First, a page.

Photo by Andreas Gücklhorn on Unsplash - web

Following the December 2018 announcement of the closure of the export feed-in tariff (FIT) in March 2019, Kensa assures hesitant would-be new purchasers of solar photovoltaic panels (PV) that there are still many benefits of solar PV if used in collaboration with ground source heat pumps. Kensa’s support comes amid the expectation of a hiatus between the demise of the FiT and the implementation of Government’s proposed market-based replacement.

Kensa says:

Whilst we await consultations on the future framework for small-scale renewable electrical generation, this shouldn’t mean lights out on their opportunities in the meantime. Self builders can utilise the surplus electricity to power a ground source heat pump to further reduce energy bills and emissions, rural landowners can tap into new business opportunities using heat from ground source heat pumps powered by surplus on-site generation, and developers can significantly cut their carbon compliance costs.

As of April 2019 households featuring new solar photovoltaic (PV) panel installations will not be paid via the export FiT for excess electricity exported to the grid, meaning until Government implement a replacement regime, any of the clean power you generate that you can’t use on site will flow back into the grid for free.

The consultation for a mandatory supplier-led route to market for small-scale low-carbon generation: the Smart Export Guarantee (SEG), creating a marketplace for energy firms to compete to offer solar homes the best price for unused electricity they export, is open to views until the 5th March 2019. Taking into account the time required to consider responses, parliamentary time to pass the legislation and implement the guarantee, it is expected there will be a hiatus between the export tariff’s demise at the end of March 2019 and the new regime, meaning new solar households will be giving power away for some time.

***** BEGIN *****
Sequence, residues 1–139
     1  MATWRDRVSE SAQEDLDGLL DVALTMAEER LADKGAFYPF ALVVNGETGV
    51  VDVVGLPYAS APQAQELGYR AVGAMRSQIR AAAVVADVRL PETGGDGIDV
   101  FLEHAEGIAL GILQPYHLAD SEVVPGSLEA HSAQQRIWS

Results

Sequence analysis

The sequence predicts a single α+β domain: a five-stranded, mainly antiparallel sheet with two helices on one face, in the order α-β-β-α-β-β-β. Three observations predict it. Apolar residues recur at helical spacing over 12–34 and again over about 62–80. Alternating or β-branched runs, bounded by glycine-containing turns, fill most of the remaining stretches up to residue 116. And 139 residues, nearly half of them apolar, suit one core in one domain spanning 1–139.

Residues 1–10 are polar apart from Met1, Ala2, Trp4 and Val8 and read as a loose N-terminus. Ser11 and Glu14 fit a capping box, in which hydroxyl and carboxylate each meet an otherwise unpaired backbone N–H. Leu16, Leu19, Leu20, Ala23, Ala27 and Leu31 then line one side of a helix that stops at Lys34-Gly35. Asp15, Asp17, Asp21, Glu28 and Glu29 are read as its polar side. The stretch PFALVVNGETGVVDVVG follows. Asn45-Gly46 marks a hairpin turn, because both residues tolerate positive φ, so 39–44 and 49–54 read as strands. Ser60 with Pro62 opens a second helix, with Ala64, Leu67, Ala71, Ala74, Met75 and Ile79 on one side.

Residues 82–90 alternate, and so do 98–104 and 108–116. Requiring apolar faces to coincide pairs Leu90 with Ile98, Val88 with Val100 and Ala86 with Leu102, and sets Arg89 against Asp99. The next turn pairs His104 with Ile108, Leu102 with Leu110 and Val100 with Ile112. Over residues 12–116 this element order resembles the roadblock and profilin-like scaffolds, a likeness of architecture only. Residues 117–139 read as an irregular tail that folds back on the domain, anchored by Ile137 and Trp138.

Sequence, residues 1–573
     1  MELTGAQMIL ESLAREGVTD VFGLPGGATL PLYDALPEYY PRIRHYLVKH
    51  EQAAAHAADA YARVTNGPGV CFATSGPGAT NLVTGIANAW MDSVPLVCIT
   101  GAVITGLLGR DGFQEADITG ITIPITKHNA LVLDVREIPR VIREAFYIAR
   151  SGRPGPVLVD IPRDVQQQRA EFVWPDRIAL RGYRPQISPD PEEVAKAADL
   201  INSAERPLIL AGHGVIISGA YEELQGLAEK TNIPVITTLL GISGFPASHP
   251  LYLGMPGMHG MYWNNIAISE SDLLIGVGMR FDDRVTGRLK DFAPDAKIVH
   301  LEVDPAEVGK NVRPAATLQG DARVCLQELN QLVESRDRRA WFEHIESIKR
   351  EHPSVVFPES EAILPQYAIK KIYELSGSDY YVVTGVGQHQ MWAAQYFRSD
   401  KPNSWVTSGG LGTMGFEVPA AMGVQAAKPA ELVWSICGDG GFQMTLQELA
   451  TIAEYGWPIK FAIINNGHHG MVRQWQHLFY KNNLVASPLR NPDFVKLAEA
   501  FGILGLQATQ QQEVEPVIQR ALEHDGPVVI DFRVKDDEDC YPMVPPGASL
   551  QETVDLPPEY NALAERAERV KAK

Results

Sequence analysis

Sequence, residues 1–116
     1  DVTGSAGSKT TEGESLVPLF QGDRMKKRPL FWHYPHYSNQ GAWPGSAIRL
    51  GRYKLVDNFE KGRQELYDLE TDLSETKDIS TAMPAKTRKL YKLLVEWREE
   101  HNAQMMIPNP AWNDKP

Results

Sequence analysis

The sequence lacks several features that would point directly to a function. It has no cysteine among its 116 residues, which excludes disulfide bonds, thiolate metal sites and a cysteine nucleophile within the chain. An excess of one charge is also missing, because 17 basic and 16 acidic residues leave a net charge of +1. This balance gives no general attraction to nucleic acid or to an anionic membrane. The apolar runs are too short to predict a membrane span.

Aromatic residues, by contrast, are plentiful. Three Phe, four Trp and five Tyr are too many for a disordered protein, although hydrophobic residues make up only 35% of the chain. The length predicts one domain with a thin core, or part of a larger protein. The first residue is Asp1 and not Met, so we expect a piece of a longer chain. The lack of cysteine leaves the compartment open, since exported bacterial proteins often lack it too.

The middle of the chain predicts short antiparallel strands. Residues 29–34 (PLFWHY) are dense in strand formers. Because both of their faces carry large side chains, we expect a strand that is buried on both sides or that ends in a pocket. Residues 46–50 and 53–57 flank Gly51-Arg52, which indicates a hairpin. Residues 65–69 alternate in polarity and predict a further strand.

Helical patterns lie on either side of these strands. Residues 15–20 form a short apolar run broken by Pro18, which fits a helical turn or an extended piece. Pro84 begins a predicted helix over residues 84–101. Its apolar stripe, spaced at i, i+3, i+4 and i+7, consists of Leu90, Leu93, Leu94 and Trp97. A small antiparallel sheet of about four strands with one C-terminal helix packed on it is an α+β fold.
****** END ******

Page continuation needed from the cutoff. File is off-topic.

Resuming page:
Don’t let your surplus electricity go to waste

Ground source heat pumps are electrically powered devices that harness the natural heat energy freely available from ground or water sources and upgrade this to provide heating and hot water. The technology produces three times more energy than it uses, making it an extremely energy efficient source of heating, with no combustion, point-of-use emissions nor pollution.

By pairing a ground source heat pump with solar PV, many happy Kensa customers are experiencing a holistic and rewarding renewably sourced heating and electricity supply. Indeed, with a typical solar installation costing around £6,000, less than half what it did when the FiT started, then the costs for a self sufficient self-build start to balance out thanks to the energy savings accumulated from renewably powering the energy efficient heat pump, coupled with the Renewable Heat Incentive (RHI) income for the heat generated by the heat pump.

Ground source sows the seeds of new business opportunities

Ground source heat pumps offer rural landowners even more than a low cost, efficient heating solution and a guaranteed income from the Government; when combined with existing renewable technologies they can be the catalyst that creates lucrative new business opportunities.

Ground source is easily integrated with battery storage and other electricity generating renewable technologies, such as wind, hydro or solar. Kensa is urging owners of these systems to consider using a ground source heat pump to turn any surplus electricity into heat energy, instead of letting it go for free back to the grid.